Religion News recently headlined the closing of every one of Lifeway Christian Resources brick and mortar stores.There are 170 of them. They will go entirely online.
The digital shift comes amid declining customer traffic and sales, according to LifeWay.
And it follows the closure of other major Christian retailers, such as the United Methodist Church’s Cokesbury stores, which closed in 2012, and Family Christian Stores, which closed its stores in 2017. At the time, Family Christian was considered the world’s largest retailer of Christian-themed merchandise.
LifeWay had acquired another chain, Berean Christian Stores, in 2013.
LifeWay adhered to a fundamentalist Christian approach, and dropped several popular authors’ books over ideological differences. It banned author Jen Hatmaker’s books after she expressed support for LGBTQ Christians, and it threatened pastor author Eugene Peterson when it appeared that he was going to officiate a same-sex marriage. It also dropped Rachel Held Evans’ book “A Year of Biblical Womanhood” in 2012 after a similar dispute over the book’s content.
In other words, its approach to Christianity had a lot in common with Mike Pence’s.
Fortunately, it’s an approach–and a religiosity– that is rapidly diminishing.
A number of recent polls have documented a significant reduction in the number of Americans who are religiously affiliated; so-called “nones” are now 35% of the population. Among younger Americans, the percentage is greater.
For Millennials and even GenXers, the most common religion is no religion at all. The Nones claim 44% of the 18–29 age group, and nearly that (43%) among those who are 30–44.
This is more than twice their market share among Americans older than 65, just 21% of whom say they are atheist, agnostic, or nothing in particular. However, even that 21% is a five-point rise from where the over-65 group was in 2015, when just 16% identified themselves this way.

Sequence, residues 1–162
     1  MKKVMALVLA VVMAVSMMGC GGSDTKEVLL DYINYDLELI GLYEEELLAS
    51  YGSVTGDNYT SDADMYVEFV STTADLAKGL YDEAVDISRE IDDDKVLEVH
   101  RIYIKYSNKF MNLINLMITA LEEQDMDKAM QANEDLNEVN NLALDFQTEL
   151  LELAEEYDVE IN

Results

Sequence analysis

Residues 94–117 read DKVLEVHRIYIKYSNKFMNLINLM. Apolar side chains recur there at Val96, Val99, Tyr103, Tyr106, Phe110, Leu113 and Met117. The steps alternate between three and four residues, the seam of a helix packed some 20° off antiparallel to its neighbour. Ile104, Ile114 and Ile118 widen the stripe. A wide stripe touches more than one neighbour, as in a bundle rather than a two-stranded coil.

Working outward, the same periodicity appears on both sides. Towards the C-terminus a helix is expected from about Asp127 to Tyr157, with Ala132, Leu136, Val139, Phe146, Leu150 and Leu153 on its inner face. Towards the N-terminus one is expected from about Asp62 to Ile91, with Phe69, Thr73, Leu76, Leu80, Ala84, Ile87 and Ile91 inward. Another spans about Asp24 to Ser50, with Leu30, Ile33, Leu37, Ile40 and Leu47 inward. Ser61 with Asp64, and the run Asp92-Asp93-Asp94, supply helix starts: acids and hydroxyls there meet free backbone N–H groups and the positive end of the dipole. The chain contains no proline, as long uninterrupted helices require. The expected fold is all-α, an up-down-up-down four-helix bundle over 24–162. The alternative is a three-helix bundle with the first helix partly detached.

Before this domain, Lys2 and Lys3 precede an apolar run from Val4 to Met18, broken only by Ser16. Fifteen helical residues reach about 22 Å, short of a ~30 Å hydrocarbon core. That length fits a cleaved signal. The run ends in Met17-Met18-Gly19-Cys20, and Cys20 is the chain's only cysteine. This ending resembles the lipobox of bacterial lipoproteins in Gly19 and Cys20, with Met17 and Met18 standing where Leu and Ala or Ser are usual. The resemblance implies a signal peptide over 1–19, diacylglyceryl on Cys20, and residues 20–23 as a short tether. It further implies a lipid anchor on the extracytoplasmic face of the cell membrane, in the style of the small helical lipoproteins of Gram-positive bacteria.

Other findings: Barely a third of Americans believe it’s important for married couples to share the same religious affiliation (36%), but majorities do believe that couples should share the same social values (76%) or feelings about children (81%). And it will come as no surprise to learn that Republicans are much more religious than Democrats.
In school, most of us learned about the Great Awakenings of early U.S. history. (Great Awakenings were a series of religious revivals in the then-British colonies and the early days of the country during the 17th and 18th Centuries.) These were episodes of religious fervor that swept through the country before eventually abating. A number of religion scholars have also dubbed the late 20th Century rise of Christian fundamentalism from which we seem finally to be emerging as a latter-day “Great Awakening.”
America has been fertile ground for these periods of excessive and ostentatious piety, and a number of sociologists have attributed the outlier religiosity of the U.S–we are far more religious than other Western democratic countries– to the personal insecurities that characterize societies with an inadequate social safety net. (Scholars have documented a significant correlation between personal insecurity and religiosity.)
Since our social safety net hasn’t improved, I don’t know how they might explain the current declines in religious affiliation. I personally attribute it to the excesses of judgmentalism and appalling lack of humanity displayed by the Christian Taliban. The religious right makes religion look pretty repellent.
Whatever the cause, if I were choosing nomenclature, I’d save the label “Great Awakening.” for the current rise of the “nones.”